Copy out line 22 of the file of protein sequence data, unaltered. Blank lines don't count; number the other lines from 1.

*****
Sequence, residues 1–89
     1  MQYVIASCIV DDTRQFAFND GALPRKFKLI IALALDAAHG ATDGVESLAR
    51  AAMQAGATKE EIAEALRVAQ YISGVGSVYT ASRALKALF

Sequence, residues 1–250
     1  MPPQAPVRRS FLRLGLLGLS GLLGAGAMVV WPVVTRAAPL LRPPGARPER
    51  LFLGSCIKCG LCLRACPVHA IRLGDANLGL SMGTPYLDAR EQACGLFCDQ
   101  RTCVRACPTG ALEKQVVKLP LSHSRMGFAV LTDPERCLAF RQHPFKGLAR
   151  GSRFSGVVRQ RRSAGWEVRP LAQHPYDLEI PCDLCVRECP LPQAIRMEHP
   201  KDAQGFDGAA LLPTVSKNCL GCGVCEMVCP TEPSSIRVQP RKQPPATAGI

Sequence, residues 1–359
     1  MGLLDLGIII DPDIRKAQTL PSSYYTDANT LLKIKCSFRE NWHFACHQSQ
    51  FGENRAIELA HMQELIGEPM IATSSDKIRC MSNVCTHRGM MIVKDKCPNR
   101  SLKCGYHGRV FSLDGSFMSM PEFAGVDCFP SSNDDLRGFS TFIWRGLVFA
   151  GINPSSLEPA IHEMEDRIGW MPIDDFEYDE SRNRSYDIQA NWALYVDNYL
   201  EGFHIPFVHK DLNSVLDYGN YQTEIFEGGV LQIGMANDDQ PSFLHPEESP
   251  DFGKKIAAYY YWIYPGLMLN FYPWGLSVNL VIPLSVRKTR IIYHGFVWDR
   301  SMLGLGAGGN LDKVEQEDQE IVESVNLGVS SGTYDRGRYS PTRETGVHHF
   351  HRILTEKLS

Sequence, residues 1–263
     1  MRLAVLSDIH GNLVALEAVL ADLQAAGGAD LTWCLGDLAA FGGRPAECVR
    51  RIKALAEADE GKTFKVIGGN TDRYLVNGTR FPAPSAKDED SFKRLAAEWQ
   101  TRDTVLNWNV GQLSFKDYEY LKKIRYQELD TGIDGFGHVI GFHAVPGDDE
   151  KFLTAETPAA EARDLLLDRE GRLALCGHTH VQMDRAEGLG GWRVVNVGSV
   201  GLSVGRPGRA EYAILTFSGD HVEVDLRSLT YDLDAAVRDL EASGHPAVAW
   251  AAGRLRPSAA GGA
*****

   101  TRDTVLNWNV GQLSFKDYEY LKKIRYQELD TGIDGFGHVI GFHAVPGDDE